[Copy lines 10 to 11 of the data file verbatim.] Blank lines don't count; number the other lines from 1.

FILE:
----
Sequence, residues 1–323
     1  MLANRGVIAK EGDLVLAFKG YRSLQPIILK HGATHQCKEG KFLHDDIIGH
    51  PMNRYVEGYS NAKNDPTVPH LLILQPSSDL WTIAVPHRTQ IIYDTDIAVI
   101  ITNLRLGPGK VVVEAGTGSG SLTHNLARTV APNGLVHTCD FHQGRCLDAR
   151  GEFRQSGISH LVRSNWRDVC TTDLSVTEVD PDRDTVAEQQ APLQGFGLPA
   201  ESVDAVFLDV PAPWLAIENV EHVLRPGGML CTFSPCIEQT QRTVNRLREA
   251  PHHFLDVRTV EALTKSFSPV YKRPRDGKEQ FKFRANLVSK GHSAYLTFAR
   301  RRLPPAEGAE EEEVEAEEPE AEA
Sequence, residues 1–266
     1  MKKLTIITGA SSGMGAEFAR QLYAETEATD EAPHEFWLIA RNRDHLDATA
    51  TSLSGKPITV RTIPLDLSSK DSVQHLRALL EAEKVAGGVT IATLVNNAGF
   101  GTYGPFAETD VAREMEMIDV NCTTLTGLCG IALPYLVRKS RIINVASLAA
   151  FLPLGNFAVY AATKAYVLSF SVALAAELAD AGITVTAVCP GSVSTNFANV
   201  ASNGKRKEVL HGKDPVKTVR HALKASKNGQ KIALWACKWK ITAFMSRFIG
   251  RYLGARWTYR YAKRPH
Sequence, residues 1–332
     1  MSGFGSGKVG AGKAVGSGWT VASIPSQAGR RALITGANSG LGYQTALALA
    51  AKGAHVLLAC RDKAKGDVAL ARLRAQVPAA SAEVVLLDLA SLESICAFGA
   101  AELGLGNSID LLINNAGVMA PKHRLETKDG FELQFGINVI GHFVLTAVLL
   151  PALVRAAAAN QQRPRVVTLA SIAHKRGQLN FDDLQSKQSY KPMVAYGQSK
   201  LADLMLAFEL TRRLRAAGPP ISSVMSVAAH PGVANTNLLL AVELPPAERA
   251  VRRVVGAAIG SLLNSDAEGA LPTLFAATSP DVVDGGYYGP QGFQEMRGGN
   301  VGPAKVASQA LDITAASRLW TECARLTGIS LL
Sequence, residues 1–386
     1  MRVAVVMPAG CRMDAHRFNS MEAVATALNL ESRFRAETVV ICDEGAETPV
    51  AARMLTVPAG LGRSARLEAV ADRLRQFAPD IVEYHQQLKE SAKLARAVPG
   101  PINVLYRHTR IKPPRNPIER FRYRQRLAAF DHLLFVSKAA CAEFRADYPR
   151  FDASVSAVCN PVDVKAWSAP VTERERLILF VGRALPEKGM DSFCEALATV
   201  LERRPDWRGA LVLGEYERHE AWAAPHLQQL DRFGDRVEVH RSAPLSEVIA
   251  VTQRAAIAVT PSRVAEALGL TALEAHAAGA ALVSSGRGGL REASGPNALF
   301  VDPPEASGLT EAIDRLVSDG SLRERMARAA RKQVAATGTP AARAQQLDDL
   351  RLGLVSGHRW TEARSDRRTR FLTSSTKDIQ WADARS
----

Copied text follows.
     1  MKKLTIITGA SSGMGAEFAR QLYAETEATD EAPHEFWLIA RNRDHLDATA
    51  TSLSGKPITV RTIPLDLSSK DSVQHLRALL EAEKVAGGVT IATLVNNAGF